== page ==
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In this December 2006 file photo, a detainee is escorted by military guards from his annual Admistrative Review Board hearing at the US Naval base at Guantanamo Bay, Cuba. US President Barack Obama on April 16, 2009 granted immunity to CIA officers involved in tough terror interrogations as he released graphic memos detailing harsh methods approved by ex-president George W. Bush. In the documents, Bush-era legal officials argued that such tactics that Obama has since disowned such as simulated drowning, facial slapping, the use of insects to scare prisoners and sleep deprivation did not amount to torture (Photo PAUL J. RICHARDS/AFP/Getty Images)

Now that the controversy over "Zero Dark Thirty" has died down, it's more important than ever that we refocus attention on what we know to be true about torture, and not on fictional accounts of it.

The Senate Intelligence Committee recently adopted with a bipartisan vote a more than 6,000-page report on the CIA's use of torture. The report is the result of a more than three-year investigation and is based on information contained in several million pages of documents about the detainee interrogation program.

I join the National Religious Campaign Against Torture in calling on our own Sen. Dianne Feinstein and the committee to shed light on the facts by voting to release the report. After watching the fiction in the movie theater, Americans now need to know the truth about U.S.-sponsored torture to ensure that our nation never tortures again.

Undoubtedly, viewers across the country walked out of "Zero Dark Thirty" believing the film's dramatic presentation of Osama bin Laden's capture to be true.

Unfortunately, the profoundly disturbing "enhanced interrogation techniques" -- i.e. torture -- depicted were accurate representations of torture methods our own government has used. But the film leaves the impression that these inhumane methods -- such as waterboarding and sleep deprivation -- provided early clues as to the identity of Osama bin Laden's courier, and were therefore effective. And worse yet, the film may lead viewers to believe that if such tactics led to good intelligence, they are OK to use. That is not the case. Torture is unacceptable, illegal and immoral under any and all circumstances.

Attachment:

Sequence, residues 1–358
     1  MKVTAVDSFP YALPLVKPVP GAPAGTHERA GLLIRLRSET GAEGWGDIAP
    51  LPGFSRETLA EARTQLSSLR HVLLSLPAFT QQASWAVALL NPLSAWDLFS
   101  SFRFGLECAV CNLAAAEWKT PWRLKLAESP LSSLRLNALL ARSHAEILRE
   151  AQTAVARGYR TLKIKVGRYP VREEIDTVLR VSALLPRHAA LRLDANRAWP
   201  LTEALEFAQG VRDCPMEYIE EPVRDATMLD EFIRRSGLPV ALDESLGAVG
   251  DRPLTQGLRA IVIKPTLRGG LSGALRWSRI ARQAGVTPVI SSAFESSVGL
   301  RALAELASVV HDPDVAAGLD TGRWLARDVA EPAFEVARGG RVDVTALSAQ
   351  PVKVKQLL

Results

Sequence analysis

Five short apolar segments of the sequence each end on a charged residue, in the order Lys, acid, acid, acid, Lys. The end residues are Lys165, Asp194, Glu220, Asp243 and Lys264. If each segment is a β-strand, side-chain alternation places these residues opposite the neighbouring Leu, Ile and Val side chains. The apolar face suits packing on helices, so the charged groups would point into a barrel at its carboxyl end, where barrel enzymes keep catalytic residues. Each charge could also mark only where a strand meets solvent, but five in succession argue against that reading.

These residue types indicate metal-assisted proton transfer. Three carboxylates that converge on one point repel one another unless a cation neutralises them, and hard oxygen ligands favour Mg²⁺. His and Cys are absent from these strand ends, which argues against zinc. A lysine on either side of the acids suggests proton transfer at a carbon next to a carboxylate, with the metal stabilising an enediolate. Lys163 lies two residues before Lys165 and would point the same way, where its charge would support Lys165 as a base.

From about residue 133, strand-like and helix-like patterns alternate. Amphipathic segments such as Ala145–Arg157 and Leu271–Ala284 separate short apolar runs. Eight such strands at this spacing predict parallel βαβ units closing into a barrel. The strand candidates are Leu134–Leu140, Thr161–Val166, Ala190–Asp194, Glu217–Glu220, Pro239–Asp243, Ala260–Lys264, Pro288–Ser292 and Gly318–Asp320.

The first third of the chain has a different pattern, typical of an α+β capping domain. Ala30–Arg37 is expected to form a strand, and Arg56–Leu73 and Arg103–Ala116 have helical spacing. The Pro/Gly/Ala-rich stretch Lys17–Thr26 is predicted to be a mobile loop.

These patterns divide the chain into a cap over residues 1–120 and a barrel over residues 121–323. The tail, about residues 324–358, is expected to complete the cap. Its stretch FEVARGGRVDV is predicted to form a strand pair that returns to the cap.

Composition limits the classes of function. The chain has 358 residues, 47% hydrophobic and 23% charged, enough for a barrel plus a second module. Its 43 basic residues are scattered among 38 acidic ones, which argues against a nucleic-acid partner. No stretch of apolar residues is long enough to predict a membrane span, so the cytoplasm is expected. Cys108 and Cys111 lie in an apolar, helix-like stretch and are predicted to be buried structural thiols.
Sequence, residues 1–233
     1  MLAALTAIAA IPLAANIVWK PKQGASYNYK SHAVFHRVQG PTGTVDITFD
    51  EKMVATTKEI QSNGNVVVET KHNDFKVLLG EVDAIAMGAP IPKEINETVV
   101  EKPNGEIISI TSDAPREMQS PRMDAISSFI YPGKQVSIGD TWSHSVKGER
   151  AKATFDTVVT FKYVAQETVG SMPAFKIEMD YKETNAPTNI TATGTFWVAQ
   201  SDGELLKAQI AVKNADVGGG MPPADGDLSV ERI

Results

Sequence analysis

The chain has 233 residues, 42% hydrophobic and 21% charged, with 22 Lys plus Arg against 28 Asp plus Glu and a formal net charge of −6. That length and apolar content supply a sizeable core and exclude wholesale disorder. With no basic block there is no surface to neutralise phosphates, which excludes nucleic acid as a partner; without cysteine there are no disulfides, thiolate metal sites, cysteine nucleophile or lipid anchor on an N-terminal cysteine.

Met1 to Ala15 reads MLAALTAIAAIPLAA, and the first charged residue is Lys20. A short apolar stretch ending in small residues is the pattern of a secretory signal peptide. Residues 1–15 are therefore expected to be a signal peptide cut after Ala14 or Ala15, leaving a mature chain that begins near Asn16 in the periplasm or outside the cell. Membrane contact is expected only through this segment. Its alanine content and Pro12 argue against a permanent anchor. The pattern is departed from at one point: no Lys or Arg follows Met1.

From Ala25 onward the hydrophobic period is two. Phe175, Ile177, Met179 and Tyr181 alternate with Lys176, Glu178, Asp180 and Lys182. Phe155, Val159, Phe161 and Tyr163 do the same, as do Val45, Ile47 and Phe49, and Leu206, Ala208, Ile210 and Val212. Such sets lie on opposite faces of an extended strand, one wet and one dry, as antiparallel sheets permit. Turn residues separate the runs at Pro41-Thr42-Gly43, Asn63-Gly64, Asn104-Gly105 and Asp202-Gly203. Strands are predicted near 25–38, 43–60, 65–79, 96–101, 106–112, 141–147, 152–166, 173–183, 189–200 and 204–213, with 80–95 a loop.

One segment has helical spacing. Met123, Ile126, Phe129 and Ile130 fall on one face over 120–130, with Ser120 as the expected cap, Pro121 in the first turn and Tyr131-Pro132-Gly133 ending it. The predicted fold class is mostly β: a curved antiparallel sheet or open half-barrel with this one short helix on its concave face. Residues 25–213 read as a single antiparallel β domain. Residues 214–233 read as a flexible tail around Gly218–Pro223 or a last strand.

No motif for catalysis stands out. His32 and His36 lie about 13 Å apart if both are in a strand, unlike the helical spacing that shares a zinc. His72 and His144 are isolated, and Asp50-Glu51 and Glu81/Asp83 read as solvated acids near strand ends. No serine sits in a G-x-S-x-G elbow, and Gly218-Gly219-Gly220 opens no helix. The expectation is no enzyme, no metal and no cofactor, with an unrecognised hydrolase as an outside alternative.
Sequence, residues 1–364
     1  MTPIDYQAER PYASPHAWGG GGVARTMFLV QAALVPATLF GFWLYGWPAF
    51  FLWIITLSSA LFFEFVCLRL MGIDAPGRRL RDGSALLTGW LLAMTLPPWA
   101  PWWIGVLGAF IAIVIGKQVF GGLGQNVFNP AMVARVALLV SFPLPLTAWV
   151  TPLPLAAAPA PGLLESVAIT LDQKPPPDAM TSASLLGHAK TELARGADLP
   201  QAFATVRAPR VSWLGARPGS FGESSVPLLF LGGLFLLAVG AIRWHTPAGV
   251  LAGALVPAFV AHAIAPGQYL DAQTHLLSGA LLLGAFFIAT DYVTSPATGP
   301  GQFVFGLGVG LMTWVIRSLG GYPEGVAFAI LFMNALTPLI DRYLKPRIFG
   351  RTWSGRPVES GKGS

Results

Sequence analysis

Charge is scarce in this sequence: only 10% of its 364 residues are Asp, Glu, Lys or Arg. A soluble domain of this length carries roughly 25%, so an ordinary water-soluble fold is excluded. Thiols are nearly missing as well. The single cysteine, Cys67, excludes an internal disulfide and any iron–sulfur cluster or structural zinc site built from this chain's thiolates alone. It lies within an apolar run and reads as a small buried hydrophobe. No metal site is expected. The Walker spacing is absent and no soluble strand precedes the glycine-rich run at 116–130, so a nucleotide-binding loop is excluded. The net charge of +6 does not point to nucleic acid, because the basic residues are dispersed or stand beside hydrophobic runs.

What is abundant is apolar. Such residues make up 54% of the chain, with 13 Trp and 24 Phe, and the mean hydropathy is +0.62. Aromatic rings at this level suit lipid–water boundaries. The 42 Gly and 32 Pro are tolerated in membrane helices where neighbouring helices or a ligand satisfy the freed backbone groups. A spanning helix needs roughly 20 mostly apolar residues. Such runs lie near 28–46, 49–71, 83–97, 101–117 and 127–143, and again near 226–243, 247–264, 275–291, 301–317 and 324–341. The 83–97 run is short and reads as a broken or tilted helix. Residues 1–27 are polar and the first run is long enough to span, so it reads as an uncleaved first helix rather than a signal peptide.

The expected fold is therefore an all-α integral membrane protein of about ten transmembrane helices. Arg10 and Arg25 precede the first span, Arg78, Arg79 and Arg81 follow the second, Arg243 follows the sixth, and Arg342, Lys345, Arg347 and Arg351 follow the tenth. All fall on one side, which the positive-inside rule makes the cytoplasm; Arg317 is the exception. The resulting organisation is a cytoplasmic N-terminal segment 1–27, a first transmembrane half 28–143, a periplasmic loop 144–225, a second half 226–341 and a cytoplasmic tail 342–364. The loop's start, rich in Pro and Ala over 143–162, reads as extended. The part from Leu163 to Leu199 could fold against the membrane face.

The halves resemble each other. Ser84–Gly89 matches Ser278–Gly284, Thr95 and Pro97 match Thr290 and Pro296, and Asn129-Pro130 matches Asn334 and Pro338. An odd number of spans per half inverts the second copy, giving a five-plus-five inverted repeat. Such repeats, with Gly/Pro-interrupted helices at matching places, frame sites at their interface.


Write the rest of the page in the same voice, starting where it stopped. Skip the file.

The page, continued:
The film -- now a major part of the pop culture version of the search for bin Laden -- neglected to point out that the identity of bin Laden's courier was not initially revealed by a detainee in the CIA's custody, and that further information disclosed by CIA detainees was attained without the use of torture.

These details are vital to the understanding of how bin Laden was found, and they have been reiterated by former Secretary of Defense Leon Panetta, Sens. Feinstein and Carl Levin, both of whom serve on the Senate Intelligence Committee, former director of the CIA Michael Hayden, acting CIA Director Mike Morrell, and Sen. John McCain, who said the filmmakers fell "hook, line, and sinker" for the narrative.

Not only does the film disregard these facts, perhaps most disturbing is its failure to CIA officials ever questioning their ethics or displaying remorse for their use of torture.

By suggesting that the end justifies the means, the film implies that torture played a role in finding bin Laden. Torture is deplorable and of the highest degree of immoral behavior; it runs contrary to the teachings of all religions and dishonors all faiths. It is an egregious violation of the dignity and worth of each person, and damages America's standing as a free and fair pillar of democracy in the world.

Torture is degrading to all involved -- the victim, perpetrator and policymakers. The Golden Rule makes it clear: Torture should not be perpetrated on others because we would not want others to do so to us.

Torture is also illegal without exception. In 1994, the United States signed the U.N. Convention Against Torture, agreeing to abide by the following proscription: "No exceptional circumstances whatsoever, whether a state of war or a threat of war, internal political instability or any other public emergency, may be invoked as a justification of torture."

My own religious tradition, Presbyterianism, affirms that God is at work all over the world, healing the brokenness. People of faith are called to join God in that act of faithfulness. Ending torture forever is, I believe, a part of our call to be faithful. We must work together to encourage the members of the Senate Intelligence Committee -- particularly Feinstein, who chairs it -- to release the results of its report. Doing so will help ensure that our government does not engage in torture again. Torture is too important an issue to allow a film to be the final arbiter. The facts must play that role.

The Rev. Will McGarvey is a Presbyterian minister at Community Presbyterian Church in Pittsburg.